Former London And Miami Art Dealer Inigo Philbrick Arrested For Fraud Scheme

Former London And Miami Art Dealer Inigo Philbrick Arrested For Fraud Scheme

(STL.News) – Geoffrey S. Berman, the United States Attorney for the Southern District of New York, and William F. Sweeney Jr., the Assistant Director-in-Charge of the New York Office of the Federal Bureau of Investigation (“FBI”), announced today the unsealing of a Complaint in Manhattan federal court charging INIGO PHILBRICK, an art dealer specializing in post-war and contemporary fine art, with galleries in London, United Kingdom, and Miami, Florida, with engaging in a multi-year scheme to defraud various individuals and entities in order to finance his art business.  In total, PHILBRICK allegedly fraudulently obtained more than $20 million as a result of the scheme.

Federal law enforcement agents took PHILBRICK into custody yesterday in Vanuatu, after Vanuatu authorities expelled PHILBRICK from Vanuatu at the request of the U.S. Embassy in Papua New Guinea in light of the charges in the Complaint.  PHILBRICK was then transported to Guam, where he is expected to be presented in federal court on June 15, 2020.

U.S. Attorney Geoffrey S. Berman said: “As alleged, Inigo Philbrick was a serial swindler who misled art collectors, investors, and lenders out of more than $20 million.  You can’t sell more than 100 percent ownership in a single piece of art, which Philbrick allegedly did, among other scams.  When his schemes began to unravel, Philbrick allegedly fled the country.  Now he is in U.S. custody and facing justice.”

FBI Assistant Director William F. Sweeney Jr. said: “Mr. Philbrick allegedly sought out high-dollar art investors, sold pieces he didn’t own, and played games with millions of dollars in other people’s money. The game ended when investors began wondering where their money went.  Hats off to the FBI NY Joint Major Theft Task Force/Art Crime Team who worked diligently to track down Mr. Philbrick and bring him back to the U.S., where, if convicted, he might have to trade in his jet-set life for a drab federal prison cell.”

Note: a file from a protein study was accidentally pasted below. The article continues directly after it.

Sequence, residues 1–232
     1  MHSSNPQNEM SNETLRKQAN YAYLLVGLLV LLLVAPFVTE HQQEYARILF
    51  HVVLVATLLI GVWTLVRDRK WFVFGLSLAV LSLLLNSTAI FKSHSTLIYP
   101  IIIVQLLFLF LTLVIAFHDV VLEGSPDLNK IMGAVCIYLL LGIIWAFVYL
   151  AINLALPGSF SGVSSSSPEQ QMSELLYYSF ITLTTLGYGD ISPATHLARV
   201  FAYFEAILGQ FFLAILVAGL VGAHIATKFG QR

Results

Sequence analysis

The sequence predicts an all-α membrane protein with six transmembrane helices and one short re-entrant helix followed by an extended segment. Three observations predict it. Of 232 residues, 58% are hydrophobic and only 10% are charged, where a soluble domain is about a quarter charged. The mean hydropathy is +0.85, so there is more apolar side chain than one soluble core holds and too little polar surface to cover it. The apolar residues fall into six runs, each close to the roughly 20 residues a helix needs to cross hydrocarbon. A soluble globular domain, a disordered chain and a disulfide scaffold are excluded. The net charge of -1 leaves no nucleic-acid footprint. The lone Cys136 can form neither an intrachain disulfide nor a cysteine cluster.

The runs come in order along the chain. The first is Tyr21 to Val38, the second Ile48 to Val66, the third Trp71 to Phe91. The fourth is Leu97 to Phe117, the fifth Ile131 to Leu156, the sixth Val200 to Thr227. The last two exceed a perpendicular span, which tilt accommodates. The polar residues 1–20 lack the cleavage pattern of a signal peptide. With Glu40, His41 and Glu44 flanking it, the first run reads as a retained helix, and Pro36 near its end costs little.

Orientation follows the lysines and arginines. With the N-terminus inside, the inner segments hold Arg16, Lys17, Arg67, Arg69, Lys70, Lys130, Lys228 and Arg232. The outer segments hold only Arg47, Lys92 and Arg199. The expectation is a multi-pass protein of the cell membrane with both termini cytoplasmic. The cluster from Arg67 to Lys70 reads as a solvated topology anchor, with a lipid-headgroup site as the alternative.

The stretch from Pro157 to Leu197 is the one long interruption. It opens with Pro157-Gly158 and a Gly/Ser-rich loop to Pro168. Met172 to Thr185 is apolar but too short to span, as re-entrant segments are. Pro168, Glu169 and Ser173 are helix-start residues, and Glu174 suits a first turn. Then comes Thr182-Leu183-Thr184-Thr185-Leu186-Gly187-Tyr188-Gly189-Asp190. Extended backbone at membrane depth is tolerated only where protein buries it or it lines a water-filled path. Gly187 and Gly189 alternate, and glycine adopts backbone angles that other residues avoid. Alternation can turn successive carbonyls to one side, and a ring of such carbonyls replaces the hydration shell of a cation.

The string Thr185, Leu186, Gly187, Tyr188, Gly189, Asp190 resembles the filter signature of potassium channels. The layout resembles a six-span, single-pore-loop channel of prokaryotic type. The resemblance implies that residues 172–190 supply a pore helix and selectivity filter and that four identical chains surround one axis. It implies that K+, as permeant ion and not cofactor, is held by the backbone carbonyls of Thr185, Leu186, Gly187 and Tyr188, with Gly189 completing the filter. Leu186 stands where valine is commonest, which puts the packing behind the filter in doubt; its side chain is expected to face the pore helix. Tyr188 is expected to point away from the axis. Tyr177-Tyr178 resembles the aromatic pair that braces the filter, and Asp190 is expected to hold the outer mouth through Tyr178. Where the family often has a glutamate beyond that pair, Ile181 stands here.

According to the allegations in the Complaint[1] unsealed today in Manhattan federal court:

From approximately 2016 through 2019, to finance his art business, PHILBRICK engaged in a scheme to defraud multiple individuals and entities in the art market located in the New York metropolitan area and abroad.  PHILBRICK made material misrepresentations and omissions to art collectors, investors, and lenders to access valuable art and obtain sales proceeds, funding, and loans (the “Fraud Scheme”). PHILBRICK knowingly misrepresented the ownership of certain artworks, for example, by selling a total of more than 100 percent ownership in an artwork to multiple individuals and entities without their knowledge; and by selling artworks and/or using artworks as collateral on loans without the knowledge of co-owners, and without disclosing the ownership interests of third parties to buyers and lenders.  PHILBRICK furnished fraudulent contracts and records to investors to artificially inflate the artworks’ value and conceal his scheme, including a contract that listed a stolen identity as the seller.

PHILBRICK obtained millions of dollars in loans and sale proceeds in connection with the Fraud Scheme.  Artworks about which PHILBRICK made these fraudulent misrepresentations in furtherance of the Fraud Scheme include, among others, a 1982 painting by the artist Jean-Michel Basquiat titled “Humidity,” a 2010 untitled painting by the artist Christopher Wool, and an untitled 2012 painting by the artist Rudolf Stingel depicting the artist Pablo Picasso.

By in or about the fall of 2019, PHILBRICK’s Fraud Scheme began to come to light as various investors and lenders learned about the fraudulent records PHILBRICK had provided and the material misrepresentations and omissions he had made.  By in or about mid-October, a lender officially notified PHILBRICK that he was in default of approximately a $14 million loan, and by November 2019, various investors had filed civil lawsuits in multiple jurisdictions regarding PHILBRICK’s Fraud Scheme in connection with various artworks.  At around the same time, PHILBRICK’s art galleries in Miami and London closed, and PHILBRICK stopped responding to legal process.  Flight records show that PHILBRICK departed the United States shortly before public reporting began about the lawsuits.  Based on information provided by Vanuatu, PHILBRICK has been residing in Vanuatu since in or about late October 2019.


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